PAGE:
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Emily Bernard's "Prologue: the riddle of race"

Presentation of key points from Bernard's article published in Patterns of Prejudice, 45:1-2, 2011
by

Sarah Anderson

on 24 October 2012

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Transcript of Emily Bernard's "Prologue: the riddle of race"

Thursday, Oct. 25:

Emily Bernard:
"Prologue: The riddle of race"

and Caucasia Patterns of Prejudice (45:1-2) 2011 Color Blinders Caucasia What view of race does Senna provide for her readers? How does this novel contribute to our understanding of race in terms of representations of the female body? How does the novel conclude? "No more excuses" Difference is bad? "Obama Black" Tara "RACE
is a fiction...
[but that] does not rob it of meaning....
Race is an invention, but that doesn't make it untrue. Is race a social construct? How do we define "race"? Racelessness Francois "Papa Doc" Duvalier
-president of Haiti (1959-1971) "Why do we have to talk about all of these things that divide us, like race? Why can't we talk about what brings us together?" Story: of a child examining her hand, seeing the differences between them before the child's father pulled the child back. "Obama gave [voters] an opportunity to practice the colour blindness that had theretofore been only a belief" (14). 1. 1. 1. Interview with a white American Journalist:
Q: "What percentage of your population is white?"
A: "98%"

Q: "How do you define white?"
A: "How do you define black?"
(Explained one-drop rule.)
A: "Well, that's the way we define white in my country." If race is a social construct, why are we still discussing race? "When we use [race] to narrate our experience in the world, we take the easy way out, and neglect other factors that name and place us.... [O]ur real lives are the intersections, where race meets class meets gender and so on" (9). "I have a dream that my four little children will one day live in a nation where they will not be judged by the color of their skin but by the content of their character." Noble dream, degenerated into a cliche "At best, what the civil rights movement appears to have produced is a generation that is keen to look beyond race but finds on the other side not liberation but confusion" (10). Bernard sees a trend where people are afraid to talk about race; whereby admitting that you see race means you are a racist (10). Can we teach our children to see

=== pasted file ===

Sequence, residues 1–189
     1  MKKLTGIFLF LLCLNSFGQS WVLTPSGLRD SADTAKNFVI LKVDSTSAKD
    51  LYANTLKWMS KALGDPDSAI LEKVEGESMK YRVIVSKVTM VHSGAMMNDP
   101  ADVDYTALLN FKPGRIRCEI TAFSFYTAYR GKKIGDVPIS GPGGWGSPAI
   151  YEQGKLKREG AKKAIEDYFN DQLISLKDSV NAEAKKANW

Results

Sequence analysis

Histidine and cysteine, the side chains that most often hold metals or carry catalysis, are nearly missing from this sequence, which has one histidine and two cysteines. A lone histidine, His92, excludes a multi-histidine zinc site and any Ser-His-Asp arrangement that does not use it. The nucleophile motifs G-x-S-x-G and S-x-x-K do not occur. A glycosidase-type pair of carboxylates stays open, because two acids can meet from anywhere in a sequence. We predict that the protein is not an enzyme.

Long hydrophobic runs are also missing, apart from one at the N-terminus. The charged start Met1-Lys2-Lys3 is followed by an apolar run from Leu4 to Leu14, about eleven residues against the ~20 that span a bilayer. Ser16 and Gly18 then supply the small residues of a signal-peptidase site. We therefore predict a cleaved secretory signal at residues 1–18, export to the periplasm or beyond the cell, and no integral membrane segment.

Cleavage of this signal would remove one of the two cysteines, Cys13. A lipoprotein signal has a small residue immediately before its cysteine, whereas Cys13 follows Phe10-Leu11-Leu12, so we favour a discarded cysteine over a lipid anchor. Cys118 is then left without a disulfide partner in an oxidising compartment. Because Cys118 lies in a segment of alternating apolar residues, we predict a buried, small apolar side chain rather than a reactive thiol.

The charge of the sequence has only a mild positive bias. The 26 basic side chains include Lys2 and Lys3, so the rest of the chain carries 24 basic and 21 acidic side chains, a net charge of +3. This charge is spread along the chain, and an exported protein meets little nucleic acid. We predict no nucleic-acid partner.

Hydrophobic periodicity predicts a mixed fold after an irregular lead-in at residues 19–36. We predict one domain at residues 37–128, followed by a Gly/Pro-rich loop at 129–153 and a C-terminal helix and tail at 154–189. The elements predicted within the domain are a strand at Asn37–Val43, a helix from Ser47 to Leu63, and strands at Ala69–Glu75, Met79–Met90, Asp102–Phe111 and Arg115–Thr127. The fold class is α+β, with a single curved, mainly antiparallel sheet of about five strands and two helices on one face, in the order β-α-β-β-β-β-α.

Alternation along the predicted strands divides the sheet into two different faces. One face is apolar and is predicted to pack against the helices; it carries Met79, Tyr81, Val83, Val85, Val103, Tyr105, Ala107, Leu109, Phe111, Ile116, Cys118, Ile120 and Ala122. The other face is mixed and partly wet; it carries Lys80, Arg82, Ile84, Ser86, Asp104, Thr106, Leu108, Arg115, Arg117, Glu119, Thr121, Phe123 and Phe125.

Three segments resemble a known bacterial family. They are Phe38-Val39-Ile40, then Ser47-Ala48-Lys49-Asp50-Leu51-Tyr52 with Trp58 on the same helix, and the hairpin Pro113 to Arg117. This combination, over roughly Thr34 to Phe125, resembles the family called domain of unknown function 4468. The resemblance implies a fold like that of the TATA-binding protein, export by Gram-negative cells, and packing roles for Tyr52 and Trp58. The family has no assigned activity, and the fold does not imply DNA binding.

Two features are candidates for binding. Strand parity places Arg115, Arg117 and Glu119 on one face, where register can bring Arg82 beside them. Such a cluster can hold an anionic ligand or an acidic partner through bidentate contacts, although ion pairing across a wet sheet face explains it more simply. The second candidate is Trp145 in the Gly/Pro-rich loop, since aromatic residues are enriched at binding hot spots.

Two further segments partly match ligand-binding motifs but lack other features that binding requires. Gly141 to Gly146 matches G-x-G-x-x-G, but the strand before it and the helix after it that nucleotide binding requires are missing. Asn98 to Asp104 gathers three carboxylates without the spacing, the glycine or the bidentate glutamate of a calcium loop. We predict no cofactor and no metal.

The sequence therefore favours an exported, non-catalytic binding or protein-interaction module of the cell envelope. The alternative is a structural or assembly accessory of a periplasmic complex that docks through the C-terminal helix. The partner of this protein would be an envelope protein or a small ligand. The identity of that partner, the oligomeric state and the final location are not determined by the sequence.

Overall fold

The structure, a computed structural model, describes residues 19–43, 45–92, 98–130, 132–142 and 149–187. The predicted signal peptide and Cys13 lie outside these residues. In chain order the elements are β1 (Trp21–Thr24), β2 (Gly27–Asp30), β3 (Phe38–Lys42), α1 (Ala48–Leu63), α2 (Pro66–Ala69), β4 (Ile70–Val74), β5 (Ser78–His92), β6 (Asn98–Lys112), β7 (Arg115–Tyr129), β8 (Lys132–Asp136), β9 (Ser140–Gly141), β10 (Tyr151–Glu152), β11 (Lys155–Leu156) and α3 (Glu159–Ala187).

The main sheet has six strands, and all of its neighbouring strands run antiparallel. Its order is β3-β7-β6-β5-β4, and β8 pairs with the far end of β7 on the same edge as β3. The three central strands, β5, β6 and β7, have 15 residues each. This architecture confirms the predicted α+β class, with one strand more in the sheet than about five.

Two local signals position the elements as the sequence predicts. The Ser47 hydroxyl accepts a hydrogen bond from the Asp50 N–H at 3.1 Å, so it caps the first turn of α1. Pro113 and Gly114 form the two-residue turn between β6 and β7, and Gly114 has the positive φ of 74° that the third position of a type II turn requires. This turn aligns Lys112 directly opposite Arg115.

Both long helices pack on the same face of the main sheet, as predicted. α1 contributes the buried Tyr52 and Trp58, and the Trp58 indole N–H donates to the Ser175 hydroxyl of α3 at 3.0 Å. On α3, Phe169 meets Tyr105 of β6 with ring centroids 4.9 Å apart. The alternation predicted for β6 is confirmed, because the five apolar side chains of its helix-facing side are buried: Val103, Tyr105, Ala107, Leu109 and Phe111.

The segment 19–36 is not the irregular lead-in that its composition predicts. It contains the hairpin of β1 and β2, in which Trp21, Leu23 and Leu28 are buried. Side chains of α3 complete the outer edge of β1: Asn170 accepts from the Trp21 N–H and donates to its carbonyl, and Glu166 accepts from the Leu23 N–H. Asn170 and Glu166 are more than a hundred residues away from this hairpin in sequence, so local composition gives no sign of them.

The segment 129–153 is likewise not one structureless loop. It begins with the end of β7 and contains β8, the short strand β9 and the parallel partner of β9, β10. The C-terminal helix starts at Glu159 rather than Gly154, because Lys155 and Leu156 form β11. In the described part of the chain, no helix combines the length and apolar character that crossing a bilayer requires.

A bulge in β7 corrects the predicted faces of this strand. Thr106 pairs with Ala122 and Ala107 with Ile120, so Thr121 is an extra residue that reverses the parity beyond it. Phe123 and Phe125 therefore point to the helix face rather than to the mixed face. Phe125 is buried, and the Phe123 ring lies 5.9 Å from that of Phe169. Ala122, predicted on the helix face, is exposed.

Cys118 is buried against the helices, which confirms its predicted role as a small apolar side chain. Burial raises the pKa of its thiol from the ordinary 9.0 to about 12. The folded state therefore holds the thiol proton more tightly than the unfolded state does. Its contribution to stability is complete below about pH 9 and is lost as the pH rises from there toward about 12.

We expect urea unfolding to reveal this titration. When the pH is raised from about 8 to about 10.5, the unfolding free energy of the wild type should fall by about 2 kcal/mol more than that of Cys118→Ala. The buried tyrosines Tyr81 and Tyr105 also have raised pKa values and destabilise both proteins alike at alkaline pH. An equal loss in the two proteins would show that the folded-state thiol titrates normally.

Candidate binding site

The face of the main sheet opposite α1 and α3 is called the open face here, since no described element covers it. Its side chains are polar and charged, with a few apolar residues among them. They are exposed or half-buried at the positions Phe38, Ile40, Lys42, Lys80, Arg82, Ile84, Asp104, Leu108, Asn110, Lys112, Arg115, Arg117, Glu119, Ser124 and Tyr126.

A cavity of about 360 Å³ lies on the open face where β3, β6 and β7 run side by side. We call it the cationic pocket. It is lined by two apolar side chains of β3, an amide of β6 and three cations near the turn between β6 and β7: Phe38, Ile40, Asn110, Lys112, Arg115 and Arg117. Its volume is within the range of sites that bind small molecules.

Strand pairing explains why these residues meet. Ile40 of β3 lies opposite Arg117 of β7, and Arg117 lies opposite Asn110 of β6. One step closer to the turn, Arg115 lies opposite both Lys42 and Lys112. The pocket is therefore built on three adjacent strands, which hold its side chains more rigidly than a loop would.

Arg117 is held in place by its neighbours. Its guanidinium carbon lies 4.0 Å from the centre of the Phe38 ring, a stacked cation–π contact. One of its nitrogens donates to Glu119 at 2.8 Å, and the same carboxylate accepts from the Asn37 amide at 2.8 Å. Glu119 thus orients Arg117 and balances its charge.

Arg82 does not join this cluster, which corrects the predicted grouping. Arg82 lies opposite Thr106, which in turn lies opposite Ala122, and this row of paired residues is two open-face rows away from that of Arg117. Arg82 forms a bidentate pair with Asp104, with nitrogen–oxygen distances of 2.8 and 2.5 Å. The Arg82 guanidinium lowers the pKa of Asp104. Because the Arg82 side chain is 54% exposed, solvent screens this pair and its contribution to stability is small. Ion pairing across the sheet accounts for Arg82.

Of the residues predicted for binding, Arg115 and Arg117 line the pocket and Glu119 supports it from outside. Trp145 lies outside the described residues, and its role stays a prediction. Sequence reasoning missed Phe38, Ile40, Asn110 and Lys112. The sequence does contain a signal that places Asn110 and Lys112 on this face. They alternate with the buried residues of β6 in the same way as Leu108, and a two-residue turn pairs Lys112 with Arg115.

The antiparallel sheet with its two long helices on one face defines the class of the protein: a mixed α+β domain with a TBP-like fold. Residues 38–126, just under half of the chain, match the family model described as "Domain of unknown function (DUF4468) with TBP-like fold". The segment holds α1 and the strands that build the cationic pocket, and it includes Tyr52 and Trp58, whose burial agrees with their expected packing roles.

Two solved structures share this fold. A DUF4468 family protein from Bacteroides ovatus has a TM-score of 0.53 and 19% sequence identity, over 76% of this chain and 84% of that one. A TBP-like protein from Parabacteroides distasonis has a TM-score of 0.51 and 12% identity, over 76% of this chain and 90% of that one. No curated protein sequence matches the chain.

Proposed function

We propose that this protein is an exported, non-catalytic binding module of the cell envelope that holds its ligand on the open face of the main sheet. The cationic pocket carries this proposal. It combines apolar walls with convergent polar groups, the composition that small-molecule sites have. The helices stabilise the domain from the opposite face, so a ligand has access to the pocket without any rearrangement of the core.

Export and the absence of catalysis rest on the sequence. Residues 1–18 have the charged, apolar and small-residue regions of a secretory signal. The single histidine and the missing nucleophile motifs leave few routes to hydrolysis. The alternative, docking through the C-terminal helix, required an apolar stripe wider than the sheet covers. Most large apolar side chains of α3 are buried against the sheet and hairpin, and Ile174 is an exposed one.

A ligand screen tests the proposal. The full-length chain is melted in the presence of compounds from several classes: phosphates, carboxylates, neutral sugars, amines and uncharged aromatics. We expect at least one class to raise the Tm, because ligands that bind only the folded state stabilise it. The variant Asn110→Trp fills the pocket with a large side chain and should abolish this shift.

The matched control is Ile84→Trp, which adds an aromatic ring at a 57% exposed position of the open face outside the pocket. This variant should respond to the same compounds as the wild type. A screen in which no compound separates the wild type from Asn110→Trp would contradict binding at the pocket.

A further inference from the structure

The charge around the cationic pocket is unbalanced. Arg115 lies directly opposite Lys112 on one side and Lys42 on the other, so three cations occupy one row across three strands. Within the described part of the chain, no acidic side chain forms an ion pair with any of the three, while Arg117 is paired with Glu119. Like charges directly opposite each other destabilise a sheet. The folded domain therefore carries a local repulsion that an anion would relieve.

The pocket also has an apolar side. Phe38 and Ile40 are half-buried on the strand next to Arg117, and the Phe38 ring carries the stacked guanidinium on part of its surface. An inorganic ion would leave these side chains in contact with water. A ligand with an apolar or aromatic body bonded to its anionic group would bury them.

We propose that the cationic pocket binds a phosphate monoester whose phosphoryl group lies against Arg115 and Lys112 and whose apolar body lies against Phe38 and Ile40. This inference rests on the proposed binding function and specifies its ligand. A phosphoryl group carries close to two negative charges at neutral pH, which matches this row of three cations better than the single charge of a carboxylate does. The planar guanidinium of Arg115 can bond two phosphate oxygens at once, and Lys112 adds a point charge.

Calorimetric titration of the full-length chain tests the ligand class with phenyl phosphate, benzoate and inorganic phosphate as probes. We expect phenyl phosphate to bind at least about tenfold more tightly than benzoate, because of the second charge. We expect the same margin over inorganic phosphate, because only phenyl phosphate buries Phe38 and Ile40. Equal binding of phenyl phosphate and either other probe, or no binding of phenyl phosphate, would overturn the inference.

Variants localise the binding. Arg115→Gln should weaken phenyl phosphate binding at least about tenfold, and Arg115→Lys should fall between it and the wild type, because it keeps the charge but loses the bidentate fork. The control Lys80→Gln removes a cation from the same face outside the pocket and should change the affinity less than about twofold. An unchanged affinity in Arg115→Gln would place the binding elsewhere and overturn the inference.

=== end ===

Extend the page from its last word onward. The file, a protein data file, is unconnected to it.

difference as pleasure? Can we teach them that there is no answer to the riddle of race, and maybe the solution is to enjoy the riddle itself? "Obama isn't black"
-Debra Dickerson "Obama's blackness is not the blackness of the black power movement, during which the terrain of the black body itself was a primary site of revolutionary ambitions." "In the complex nature of his ancestry, and in the fact that his allegiance to blackness is, in some ways, an active, rather than a passive, choice, there is no one more authentically black than Barack Obama." "His body is a bridge across generational, national, and racial boundaries." "His story is a story about black progress, a revision of the classic story of deficiency" (13). "The clasp of their hands represents the bridge across several divides, but also the divides themselves. In this moment, they are two black men joined together by race; and they are two black men who couldn't be more different.

In this photograph, I see not the end of race, but the riddle of race itself." "The body of Barack Obama contains a bounty of stories, and among them, a story about race, what it means today, and what it has always meant, and not meant.

To deny this, I believe, is to deny ourselves the complicated--sometimes pleasurably complicated--reality that is at the root of the story of race.

Flawed as it may be, the concept of race is not a thing of the past. In fact, and in fiction, it is very much alive. For all of its drawbacks, race is, indeed, the story of where we come from, and how we still live" (14) How do we differentiate between:
1.a time when race doesn’t matter
2.a time when differences don’t matter? 2. 3. 2. 3. 2. 3. Represents not an aspiration of equality, but a desire to run away from the realities of racial difference
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